Some athletes and bodybuilders add raw egg yolks to protein drinks to boost their nutritional content. Egg yolks have valuable nutrition, whether cooked or raw. However, if you eat raw yolks, reports the Egg Safety Center, you risk becoming sick if the egg is contaminated with bacteria. Therefore, it may be healthier for you to eat cooked yolks rather than raw ones.
Eggs can become infected with bacteria as they exit the hen's body, coming in contact with feces in the dirt or surroundings. This is why eggs are washed and sanitized. However, some chickens are infected with salmonella within the oviduct and produce eggs that are contaminated with bacteria. The salmonella is in the egg even before the egg shell is formed, according to MayoClinic.com. Researchers at the Egg Safety Center note that because the yolk is rich in nutrients, that's the most likely place for bacteria to grow. This is why the FDA and the Egg Safety Center recommend against eating raw eggs. Cooking the yolks to 149 degrees Fahrenheit kills any bacteria.
Salmonella infection in humans causes diarrhea, abdominal cramps and fever within eight to 72 hours after eating contaminated food. Other symptoms may include vomiting, headache and chills. Symptoms usually subside in four to seven days.
When the egg yolk is cooked, the protein coagulates, which changes its physical nature but not its nutritional content. A study published in "The Journal of Nutrition" in 1998 found that cooked egg protein is more digestible than raw egg protein. When egg yolks are cooked, the proteins in them become denatured, meaning the bonds in the proteins are disrupted. According to the Elmhurst College Virtual ChemBook, it is easier for enzymes to digest denatured proteins in food.
As the source of food for a growing baby chicken, an egg yolk is packed with nutrients. One raw or cooked egg yolk contains 55 calories, 4.5 grams of fat, 2.7 grams of protein and 0.61 grams of carbohydrates, according to the USDA National Nutrient Database. It is also a good source of vitamin A, vitamin D, vitamin E, vitamin B-12 and folate. Yolks have minerals, too -- phosphorus, potassium, iron and calcium. An April 2012 article in the "Chicago Tribune" reported that yolks used to be considered bad because of their cholesterol content, but recent research indicates that eggs raise the level of HDL, or good, cholesterol, and only slightly raise the level of LDL, or bad, cholesterol. One of the most important benefits of the yolk is the presence of the antioxidants lutein and zeaxanthin, carotenoids that give yolks their bright-yellow color and are valuable in helping maintain good eyesight. The nutritional content remains the same when the egg is cooked, according to the USDA National Nutrient Database.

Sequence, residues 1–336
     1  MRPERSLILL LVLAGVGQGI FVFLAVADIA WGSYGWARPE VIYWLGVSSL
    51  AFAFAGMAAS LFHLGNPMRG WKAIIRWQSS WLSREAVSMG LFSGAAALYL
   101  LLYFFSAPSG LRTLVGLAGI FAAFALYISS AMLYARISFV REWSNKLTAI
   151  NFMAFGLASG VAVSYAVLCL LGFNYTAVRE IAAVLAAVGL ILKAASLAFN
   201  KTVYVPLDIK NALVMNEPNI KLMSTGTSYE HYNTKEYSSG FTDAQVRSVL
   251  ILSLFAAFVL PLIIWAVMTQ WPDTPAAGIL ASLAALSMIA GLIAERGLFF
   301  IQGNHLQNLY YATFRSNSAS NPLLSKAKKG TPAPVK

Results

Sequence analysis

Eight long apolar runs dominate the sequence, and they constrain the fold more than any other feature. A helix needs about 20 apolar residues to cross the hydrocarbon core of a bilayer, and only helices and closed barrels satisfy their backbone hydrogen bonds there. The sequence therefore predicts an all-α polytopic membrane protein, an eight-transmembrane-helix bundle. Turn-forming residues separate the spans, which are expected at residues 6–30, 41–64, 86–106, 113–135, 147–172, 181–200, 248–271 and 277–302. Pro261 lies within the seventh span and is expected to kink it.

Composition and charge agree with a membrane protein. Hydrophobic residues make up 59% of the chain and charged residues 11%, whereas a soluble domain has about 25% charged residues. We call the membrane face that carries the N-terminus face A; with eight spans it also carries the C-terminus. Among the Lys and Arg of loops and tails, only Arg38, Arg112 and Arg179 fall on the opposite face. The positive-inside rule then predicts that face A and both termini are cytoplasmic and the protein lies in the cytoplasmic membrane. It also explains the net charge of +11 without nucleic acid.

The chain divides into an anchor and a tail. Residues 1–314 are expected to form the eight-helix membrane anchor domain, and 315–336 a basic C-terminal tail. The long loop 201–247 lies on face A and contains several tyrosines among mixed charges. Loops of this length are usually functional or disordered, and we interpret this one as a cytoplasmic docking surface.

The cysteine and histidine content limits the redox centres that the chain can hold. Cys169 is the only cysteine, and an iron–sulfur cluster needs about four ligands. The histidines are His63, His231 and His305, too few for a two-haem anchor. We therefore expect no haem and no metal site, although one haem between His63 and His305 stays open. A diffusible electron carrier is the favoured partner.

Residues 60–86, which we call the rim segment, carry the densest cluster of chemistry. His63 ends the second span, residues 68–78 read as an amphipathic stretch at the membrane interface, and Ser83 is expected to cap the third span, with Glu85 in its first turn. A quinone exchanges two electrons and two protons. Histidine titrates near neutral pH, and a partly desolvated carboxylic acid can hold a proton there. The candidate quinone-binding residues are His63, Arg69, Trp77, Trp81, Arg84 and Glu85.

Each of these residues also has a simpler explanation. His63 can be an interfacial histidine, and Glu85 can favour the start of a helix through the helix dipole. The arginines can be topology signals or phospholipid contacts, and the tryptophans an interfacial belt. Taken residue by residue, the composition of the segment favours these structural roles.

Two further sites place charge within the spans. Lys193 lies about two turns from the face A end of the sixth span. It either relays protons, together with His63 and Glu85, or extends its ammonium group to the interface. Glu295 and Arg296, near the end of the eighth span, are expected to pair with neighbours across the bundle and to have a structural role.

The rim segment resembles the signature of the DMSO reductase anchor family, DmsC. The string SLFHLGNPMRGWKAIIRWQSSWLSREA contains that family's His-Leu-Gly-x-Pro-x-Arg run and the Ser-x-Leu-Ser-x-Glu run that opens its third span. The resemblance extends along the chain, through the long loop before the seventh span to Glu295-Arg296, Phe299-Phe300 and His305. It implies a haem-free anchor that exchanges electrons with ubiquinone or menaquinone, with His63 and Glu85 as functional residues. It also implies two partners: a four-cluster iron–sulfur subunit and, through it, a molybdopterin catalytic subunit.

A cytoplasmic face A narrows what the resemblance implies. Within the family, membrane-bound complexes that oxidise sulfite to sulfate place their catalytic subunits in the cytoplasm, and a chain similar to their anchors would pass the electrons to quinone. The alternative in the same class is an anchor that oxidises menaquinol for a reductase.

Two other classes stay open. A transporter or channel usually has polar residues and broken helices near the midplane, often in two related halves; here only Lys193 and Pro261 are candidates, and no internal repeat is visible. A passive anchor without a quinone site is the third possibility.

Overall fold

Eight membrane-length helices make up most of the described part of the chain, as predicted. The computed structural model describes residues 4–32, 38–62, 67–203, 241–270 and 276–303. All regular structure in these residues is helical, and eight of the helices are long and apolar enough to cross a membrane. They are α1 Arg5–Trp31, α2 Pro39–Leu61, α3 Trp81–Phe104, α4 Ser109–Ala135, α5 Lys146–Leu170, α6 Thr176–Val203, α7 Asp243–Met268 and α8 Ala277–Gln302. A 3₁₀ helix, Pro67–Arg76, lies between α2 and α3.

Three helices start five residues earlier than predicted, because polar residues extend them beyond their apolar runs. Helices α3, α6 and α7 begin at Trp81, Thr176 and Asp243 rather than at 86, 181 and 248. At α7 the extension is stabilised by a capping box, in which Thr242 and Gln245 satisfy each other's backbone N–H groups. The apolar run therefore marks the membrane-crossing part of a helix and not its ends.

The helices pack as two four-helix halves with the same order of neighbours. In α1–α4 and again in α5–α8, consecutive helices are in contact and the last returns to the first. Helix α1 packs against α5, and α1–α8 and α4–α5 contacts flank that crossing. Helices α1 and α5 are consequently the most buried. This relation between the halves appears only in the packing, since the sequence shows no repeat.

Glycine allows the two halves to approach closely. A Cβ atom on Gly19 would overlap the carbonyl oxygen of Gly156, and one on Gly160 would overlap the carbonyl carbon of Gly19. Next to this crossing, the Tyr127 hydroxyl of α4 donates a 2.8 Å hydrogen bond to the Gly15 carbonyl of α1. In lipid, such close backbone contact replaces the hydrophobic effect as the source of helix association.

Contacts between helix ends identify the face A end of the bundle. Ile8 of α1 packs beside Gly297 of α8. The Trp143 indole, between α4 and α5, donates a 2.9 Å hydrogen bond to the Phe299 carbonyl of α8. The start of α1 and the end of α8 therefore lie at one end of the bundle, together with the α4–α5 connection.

When buying eggs, always purchase them from a refrigerated case. Open the carton and make sure there are no small cracks or leaks in the shells. Check that none are broken and stuck to the carton. Also, look at the expiration date, and don't buy them if they are out of date. Once home, put the eggs in the refrigerator and store at a temperature of 45 degrees Fahrenheit or lower. Keep them in the carton and never place them in the door of the refrigerator, where temperatures may vary. After handling eggs, wash your hands and any dishes or utensils that have come in contact with raw egg. Hard-cooked eggs can be stored in the refrigerator for up to one week.
- Egg Safety Center: Egg Food Safety Frequently Asked Questions
- MayoClinic.com: Salmonella Infection
- USDA National Nutrient Database: Egg, Raw, Yolk, Fresh
- Egg Safety Center: Pathogens
- Egg Safety Center: Egg Safety
- The Journal of Nutrition: Digestibility of Cooked and Raw Egg Protein in Humans as Assessed by Stable Isotope Techniques
- Elmhurst College Virtual Chembook: Denaturation of Proteins
Deila Taylor received a bachelor's degree in biochemistry from Occidental College with graduate work towards a Ph.D. in pharmacology and nutrition at the Keck School of Medicine of the University of Southern California. Taylor has written for LoopLane, The Nutrition Counselor, Eve Out of the Garden and produces interviews for The Mormon Women Project. She is a member of the American Society for Nutrition.